In Laguna Beach, we like to think we are different. We welcome all types of people: old, young, gay, straight, male, female, black, brown—everyone.
But we are wrong.
Racism still is very much alive in Laguna Beach. Some of it is the casually passive kind, unstated and not seemingly pernicious. But that is only some of it. Other parts are as vicious as a deep Southern 1910 hanging of a black man seen looking the “wrong way” at a white girl.
The date was June 13, 2019, and I was watching the NBA finals from my home in north Laguna. It was to be the last game between the Toronto Raptors and the Golden State Warriors. With me were my long-time girlfriend, Kim Bowen, and a new couple we had recently met at a local pub. We liked them, and they were basketball freaks too, so we invited them to watch the game. The husband also brought his brother.
The game was more than thrilling: 18 lead changes, nine ties, and not decided until the last seconds. The final score was 114-110, Toronto, with all five of us screaming our heads off. Here the players were, men who had trained their entire lives for moments like this, moments denied most mortals. The players were there because they had work ethics second to none, practice, practice, weight lifting, over-coming injuries and surgeries, concentration and sacrifice.
At the end, both winners and losers were interviewed. One winning player, towering over the petite female interviewer, was utterly spent. He was covered in sweat and raw with emotion, but managed to speak through his panting breaths. “Man, we laid it all on the floor. Know what I’m saying? Know what I’m saying? We kept workin’, kept workin’.”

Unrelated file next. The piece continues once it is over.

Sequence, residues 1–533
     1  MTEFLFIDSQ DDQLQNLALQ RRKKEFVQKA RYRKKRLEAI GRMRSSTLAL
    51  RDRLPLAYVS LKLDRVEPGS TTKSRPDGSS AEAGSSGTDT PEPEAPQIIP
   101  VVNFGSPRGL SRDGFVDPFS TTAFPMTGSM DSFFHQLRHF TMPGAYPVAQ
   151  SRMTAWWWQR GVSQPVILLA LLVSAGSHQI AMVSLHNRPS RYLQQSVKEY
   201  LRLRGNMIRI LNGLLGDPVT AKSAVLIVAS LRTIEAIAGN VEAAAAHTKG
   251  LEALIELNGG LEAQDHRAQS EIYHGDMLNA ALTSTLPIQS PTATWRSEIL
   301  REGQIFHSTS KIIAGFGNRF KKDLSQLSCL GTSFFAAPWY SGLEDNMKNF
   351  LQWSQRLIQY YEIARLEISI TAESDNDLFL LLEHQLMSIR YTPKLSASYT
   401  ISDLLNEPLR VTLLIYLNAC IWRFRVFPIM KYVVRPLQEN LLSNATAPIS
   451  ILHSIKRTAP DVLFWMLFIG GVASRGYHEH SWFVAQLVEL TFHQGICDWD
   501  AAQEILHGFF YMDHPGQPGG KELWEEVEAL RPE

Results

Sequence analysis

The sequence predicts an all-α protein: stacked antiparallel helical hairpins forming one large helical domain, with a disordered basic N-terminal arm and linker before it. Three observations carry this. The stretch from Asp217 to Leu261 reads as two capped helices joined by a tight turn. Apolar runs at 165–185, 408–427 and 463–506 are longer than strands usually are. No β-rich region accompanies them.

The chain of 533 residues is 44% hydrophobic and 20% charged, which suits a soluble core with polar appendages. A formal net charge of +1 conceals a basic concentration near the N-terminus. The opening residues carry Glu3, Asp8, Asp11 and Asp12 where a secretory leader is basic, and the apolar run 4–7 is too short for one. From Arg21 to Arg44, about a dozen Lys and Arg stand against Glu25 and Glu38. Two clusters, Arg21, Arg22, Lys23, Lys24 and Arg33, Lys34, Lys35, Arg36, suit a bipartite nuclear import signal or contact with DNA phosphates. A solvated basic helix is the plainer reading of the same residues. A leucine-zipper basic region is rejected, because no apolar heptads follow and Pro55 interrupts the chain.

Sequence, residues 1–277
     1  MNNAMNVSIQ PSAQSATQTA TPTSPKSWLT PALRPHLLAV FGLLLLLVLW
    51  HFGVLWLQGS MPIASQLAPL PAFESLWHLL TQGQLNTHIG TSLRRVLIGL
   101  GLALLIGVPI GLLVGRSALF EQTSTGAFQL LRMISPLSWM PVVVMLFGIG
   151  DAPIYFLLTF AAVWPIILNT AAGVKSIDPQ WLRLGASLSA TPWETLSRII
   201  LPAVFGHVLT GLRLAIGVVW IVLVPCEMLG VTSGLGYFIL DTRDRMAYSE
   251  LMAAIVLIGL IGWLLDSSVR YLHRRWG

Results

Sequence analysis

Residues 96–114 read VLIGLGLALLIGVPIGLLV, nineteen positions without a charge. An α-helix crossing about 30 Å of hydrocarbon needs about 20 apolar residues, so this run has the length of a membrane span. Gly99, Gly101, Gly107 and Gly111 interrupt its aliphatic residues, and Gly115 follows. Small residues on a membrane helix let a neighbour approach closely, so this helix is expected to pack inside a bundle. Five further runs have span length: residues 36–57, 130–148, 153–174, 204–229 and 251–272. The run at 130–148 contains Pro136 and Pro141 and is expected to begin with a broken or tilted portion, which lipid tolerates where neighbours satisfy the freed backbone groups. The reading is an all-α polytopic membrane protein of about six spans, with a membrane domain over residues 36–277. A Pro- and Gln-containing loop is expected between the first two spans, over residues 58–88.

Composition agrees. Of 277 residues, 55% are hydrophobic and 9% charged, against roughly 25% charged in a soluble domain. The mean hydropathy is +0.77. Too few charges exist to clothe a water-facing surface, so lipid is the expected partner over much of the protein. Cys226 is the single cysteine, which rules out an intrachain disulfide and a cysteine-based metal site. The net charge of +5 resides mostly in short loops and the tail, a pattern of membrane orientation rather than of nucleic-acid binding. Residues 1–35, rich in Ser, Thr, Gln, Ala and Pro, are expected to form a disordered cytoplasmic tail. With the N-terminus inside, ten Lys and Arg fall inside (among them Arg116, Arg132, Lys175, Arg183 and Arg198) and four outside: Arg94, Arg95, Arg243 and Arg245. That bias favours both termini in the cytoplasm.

Then suddenly from one of the two brothers with us, “Listen to that guy, it’s eh eh, oohf ooh, eh eh.” Then both brothers mimicked chimpanzee behavior, thrusting their fingernails into their armpits.”Ooh ooh, eh eh.”
Another moment like that: my home, a Laker game, watching with friends, the camera kept panning to Magic Johnson as he cheered on his team. Then from one of my friends, “For a n*****, Magic sure is smart.”
“Jim, what did you just say?”
“Magic is a smart n*****. He knows to hire smart Jews to manage his money. That’s how he got rich.”
- A local black friend will not eat bananas in public, ever, or buy or eat watermelons, ever. His explanation: “They’re racial stereotypes. I have kids. You think I want them to go through this?”
- Eighteen months ago, a group of Laguna teenagers bought a watermelon, drove up the street where a black teenager resided with his parents, and threw the watermelon at their house while shouting racial slurs.
- From my friend Kerwin, executor of my estate, when I asked wouldn’t it be fun to just take off, drive all over the country, maybe end up in DC or NYC; he said, “Are you crazy? I can’t do that. As a black man, I can’t even get across Arizona without being stopped. Forget Texas entirely and for that matter, any southern state. If I go north, say through Wyoming or Wisconsin, you think it would be much better? And you think Laguna is better? Notice how I almost always wear a suit and tie, and drive below the speed limit. Notice that?”
- At a the end of a recent presidential fundraiser in Laguna for a black candidate, the young white valet who got my car said, “Jesus, you think they’ll elect another n*****?”
I could cite more of this behavior, but I will end with a statistical fact: Laguna Beach has the least racial diversity of any city in Orange County. It is almost pure white.
My friend Kerwin has two little girls and lives elsewhere, but could afford Laguna. I asked him why he just didn’t move here. You know, I said, the beach, hiking, life style, and all that. His response, ”You think I want my girls growing up in an all white neighborhood? That they should copycat whites? What does that teach them?”
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